Streets, parks and yards will be devoid of the shade trees they once had. Loss of shade trees on streets, yards and parks will negatively impact winter and summer energy consumption, water use, property values, aesthetics, and community morale.

    Has the Emerald Ash Borer been found in Kingston?

    Yes, unfortunately, entomologists from the United States Department of Agriculture, Agricultural Research Station in Ithaca, New York identified infested trees on city land at Kingston Point Park in mid-september 2010. This is the first known location of the insect within the City of Kingston, however, we believe the EAB is most likely in other locations on private land in Kingston and adjacent communities.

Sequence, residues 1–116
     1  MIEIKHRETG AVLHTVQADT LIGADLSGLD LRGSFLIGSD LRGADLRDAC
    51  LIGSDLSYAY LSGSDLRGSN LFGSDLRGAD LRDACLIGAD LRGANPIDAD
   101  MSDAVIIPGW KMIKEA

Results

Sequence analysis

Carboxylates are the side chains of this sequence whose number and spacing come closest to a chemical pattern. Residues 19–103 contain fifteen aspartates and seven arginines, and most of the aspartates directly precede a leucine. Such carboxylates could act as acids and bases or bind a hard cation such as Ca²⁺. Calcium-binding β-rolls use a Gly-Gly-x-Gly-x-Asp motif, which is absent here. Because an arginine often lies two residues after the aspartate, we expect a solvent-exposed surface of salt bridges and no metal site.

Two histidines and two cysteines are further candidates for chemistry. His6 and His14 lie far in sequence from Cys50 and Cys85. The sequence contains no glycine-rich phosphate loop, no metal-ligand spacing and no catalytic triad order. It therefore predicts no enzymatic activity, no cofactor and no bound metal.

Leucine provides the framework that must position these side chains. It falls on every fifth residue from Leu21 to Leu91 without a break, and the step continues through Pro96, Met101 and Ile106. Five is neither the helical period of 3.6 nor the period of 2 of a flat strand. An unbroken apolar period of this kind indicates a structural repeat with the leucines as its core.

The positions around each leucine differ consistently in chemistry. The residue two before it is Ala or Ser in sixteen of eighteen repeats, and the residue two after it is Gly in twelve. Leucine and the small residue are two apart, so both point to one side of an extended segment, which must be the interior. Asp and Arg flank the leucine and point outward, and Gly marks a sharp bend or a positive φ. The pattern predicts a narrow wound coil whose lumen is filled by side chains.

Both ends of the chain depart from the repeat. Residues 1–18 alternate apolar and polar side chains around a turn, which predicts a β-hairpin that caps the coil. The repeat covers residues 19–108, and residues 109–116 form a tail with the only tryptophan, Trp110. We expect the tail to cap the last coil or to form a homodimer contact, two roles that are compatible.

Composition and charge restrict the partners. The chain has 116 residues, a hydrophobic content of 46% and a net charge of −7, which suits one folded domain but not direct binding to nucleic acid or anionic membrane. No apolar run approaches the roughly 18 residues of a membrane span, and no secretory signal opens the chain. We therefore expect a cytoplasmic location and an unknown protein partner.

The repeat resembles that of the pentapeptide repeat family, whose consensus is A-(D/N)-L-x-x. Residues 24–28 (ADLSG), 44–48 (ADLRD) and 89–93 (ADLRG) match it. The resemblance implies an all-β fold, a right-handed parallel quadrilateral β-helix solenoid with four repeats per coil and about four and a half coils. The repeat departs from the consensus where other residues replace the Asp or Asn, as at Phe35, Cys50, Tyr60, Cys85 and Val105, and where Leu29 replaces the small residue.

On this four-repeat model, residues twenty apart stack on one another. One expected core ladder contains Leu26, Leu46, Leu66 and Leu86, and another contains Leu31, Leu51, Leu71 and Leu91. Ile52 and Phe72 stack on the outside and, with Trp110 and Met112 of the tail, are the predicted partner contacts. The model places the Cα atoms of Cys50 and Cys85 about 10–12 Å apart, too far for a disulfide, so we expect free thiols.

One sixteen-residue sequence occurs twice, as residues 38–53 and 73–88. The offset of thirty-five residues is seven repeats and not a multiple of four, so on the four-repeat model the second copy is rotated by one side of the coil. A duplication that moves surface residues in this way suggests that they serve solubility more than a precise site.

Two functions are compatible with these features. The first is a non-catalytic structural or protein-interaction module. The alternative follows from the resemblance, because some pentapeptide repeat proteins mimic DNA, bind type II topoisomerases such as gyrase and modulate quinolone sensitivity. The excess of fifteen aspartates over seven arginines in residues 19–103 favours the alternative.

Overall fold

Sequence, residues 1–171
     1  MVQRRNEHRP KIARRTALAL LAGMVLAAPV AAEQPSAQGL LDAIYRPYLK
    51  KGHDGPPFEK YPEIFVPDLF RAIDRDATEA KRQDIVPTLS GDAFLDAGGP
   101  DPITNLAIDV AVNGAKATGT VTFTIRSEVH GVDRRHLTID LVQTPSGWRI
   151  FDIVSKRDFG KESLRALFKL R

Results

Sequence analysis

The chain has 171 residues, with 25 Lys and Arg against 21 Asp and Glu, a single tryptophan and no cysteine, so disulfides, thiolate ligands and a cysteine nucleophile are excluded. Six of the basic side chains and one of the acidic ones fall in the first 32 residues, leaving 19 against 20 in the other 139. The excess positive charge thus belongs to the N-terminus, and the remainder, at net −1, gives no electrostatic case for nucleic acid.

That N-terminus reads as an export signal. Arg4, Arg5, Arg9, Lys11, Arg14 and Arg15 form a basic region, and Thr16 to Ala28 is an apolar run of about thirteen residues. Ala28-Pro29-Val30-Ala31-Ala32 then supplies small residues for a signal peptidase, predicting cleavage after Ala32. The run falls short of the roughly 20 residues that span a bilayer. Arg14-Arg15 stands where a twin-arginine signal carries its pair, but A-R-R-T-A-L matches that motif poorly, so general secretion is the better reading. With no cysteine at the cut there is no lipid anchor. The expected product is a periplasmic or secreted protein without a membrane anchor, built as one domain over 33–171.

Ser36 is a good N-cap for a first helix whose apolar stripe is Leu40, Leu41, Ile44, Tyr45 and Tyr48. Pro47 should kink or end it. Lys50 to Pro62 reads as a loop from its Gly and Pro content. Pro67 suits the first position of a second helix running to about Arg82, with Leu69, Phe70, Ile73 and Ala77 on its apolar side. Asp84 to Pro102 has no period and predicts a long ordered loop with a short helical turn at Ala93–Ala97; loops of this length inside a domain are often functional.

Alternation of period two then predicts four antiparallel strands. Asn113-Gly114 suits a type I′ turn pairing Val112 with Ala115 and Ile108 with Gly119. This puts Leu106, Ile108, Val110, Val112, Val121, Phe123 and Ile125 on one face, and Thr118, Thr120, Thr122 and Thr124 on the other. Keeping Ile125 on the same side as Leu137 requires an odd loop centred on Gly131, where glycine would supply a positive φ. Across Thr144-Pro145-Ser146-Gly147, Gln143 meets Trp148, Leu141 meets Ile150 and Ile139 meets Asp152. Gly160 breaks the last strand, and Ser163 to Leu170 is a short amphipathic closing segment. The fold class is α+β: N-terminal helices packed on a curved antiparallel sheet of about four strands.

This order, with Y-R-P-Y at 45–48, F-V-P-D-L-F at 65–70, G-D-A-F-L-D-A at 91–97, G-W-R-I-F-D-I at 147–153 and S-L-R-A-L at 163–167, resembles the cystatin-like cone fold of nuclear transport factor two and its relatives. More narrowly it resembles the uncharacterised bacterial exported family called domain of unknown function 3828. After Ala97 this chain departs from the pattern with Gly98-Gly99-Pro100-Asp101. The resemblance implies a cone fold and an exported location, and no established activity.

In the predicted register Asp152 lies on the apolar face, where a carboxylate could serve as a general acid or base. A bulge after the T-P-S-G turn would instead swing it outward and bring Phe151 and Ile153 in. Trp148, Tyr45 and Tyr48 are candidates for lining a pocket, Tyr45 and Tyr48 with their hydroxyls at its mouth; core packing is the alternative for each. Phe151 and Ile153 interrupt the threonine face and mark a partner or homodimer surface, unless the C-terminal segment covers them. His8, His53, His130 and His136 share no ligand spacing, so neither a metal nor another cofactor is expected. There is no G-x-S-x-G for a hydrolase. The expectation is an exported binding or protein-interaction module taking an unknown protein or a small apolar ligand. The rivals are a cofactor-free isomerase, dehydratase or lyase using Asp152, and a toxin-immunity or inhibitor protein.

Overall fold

Known locations of EAB in NYS

    (Red indicates confirmed EAB sighting, Yellow indicates County's impacted)

    What are we doing about it?

    The City of Kingston is working collaboratively with the New York State Department of Environmental Conservation, Ulster County Cornell Cooperative Extension, USDA's Agricultural Research Station, and other local, state and federal agencies in order to prepare and manage this crisis.

    The City of Kingston is also working with the Kingston's volunteer Tree Commission and Conservation Advisory Council. The City will be working with the public in order to gather information about Ash trees in the community through a web based Ash tree reporting survey and on the ground street tree surveys. The City will also be preparing a New York State Emerald Ash Borer Community Preparedness Plan during the winter of 2010-2011 in order to be prepared for the spread of the Emerald Ash Borer in our Community.